23. E.J.
Adm. 2/21/49
F. 23 Schizophrenia
Showed more feeling; talked more freely and easily; more insight into family situation; marked emotional tone. Dizzy immediately after administration.
24. V.Z.
Adm. 12/7/48
F. 25 Schizophrenia
Better able to talk about her early life. Showed some regressive behavior and seemed to re-live childhood experiences.
25. J.M.
Adm. 6/7/49
F. 23 Schizophrenia
Response to L.S.D. 25 was increased activity and interest in surroundings, as well as ability to discuss her problems, which was as good as, and probably better than, discussion under sodium amytal.
26. Z.T. (Out-Pt.) F. 26 Psychoneurosis Relived traumatic episodes of childhood.
27. E.H. (Out-Pt.) F. 48 Psychoneurosis
Relived traumatic episodes of childhood. Previous amytal interviews had failed. This patient has 120 hours of therapy.
28. H.H. M. 28 Psychosomatic Relived disturbing Navy experience. Previous attempts at narcosynthesis were only partially successful.
29. W.F. (Out-Pt.) M. 39 Psychoneurosis,
Became more disturbed, but better able to discuss problems.

With L.S.D. 25, these eight patients had experiences which profoundly influenced the course of their progress. The effect was in the nature of a transitory toxic state, which disturbed the barrier of repression and permitted a re-examination of significant experiences of the past, which sometimes were relived with frightening realism. With this, some of the patients were then able to re-evaluate the emotional meaning of some of their symptoms, and improved. Most were better able to organize their ideas in relation to real rather than fancied problems and were seen to experience and express relevant emotion.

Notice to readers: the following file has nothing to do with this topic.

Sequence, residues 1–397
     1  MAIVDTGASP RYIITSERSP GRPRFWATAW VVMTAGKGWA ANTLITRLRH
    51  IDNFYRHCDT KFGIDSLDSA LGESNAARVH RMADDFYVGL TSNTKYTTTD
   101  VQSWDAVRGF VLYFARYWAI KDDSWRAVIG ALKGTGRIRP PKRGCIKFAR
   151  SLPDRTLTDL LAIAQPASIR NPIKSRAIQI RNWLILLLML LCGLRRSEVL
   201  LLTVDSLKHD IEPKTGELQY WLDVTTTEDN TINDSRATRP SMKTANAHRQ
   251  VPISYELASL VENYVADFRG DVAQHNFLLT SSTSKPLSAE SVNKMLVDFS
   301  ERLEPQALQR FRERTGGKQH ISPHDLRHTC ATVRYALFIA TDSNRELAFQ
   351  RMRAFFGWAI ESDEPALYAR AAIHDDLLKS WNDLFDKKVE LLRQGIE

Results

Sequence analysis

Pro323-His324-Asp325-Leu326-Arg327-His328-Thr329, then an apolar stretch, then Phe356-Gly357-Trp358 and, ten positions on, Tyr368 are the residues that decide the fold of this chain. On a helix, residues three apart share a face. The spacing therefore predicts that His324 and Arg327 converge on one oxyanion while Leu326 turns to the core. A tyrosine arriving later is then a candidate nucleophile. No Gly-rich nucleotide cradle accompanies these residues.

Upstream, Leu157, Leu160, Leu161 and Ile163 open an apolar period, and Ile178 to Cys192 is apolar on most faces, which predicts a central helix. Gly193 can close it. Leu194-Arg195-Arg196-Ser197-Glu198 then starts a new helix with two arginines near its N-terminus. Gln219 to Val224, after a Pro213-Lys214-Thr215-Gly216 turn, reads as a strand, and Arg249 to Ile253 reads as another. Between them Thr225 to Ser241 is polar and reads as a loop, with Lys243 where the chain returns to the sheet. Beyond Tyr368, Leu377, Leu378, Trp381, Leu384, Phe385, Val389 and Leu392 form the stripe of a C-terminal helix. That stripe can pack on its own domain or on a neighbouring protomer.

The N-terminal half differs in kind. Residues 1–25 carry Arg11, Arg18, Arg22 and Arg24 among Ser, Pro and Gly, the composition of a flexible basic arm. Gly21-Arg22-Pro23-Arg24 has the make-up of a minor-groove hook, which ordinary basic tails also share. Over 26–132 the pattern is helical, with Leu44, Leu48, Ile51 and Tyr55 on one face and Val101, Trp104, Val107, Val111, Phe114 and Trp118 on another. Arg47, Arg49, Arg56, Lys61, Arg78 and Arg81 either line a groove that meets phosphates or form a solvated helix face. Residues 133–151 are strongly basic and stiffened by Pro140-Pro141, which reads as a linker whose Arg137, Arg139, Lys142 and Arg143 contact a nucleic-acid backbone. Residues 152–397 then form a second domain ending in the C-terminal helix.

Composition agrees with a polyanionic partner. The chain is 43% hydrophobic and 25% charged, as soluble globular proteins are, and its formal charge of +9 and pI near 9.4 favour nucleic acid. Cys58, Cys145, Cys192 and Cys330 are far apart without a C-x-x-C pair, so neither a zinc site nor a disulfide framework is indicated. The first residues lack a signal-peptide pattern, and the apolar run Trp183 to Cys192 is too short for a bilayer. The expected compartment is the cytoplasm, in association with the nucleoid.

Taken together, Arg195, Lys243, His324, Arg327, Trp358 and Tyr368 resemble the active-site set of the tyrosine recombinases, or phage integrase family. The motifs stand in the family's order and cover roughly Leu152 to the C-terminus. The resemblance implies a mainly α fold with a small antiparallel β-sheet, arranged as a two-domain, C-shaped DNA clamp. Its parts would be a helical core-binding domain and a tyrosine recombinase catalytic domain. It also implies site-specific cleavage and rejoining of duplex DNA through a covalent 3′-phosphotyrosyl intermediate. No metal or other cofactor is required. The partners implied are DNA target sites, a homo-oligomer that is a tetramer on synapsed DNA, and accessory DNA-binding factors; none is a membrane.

Two of the patients, 22 and 28, were improved sufficiently to discontinue treatment at the time of this writing.


We believe that L.S.D. 25 is a drug which induces a controllable toxic state within the nervous system, that re-activates anxiety and fear with apparently just enough euphoria to permit recall of the provoking experiences. It does this without the sluggishness of speech difficulties so frequently encountered with amytal or the more marked confusion encountered during I.S.T. and following E.C.T.
On the basis of this preliminary investigation, L.S.D. 25 may offer a means for more readily gaining access to the chronically withdrawn patients. It may also serve as a new tool for shortening psychotherapy. We hope further investigation justifies our present impression.

Author's Note: Supplies of L.S.D. 25 for this study were made available by the manufacturer, Sandoz Pharmaceuticals, New York City.


1. Helv. Chim. Acta 26, 944 (1943).
2. Schweiz. Arch. f. Neurol. u. Psych. (1947).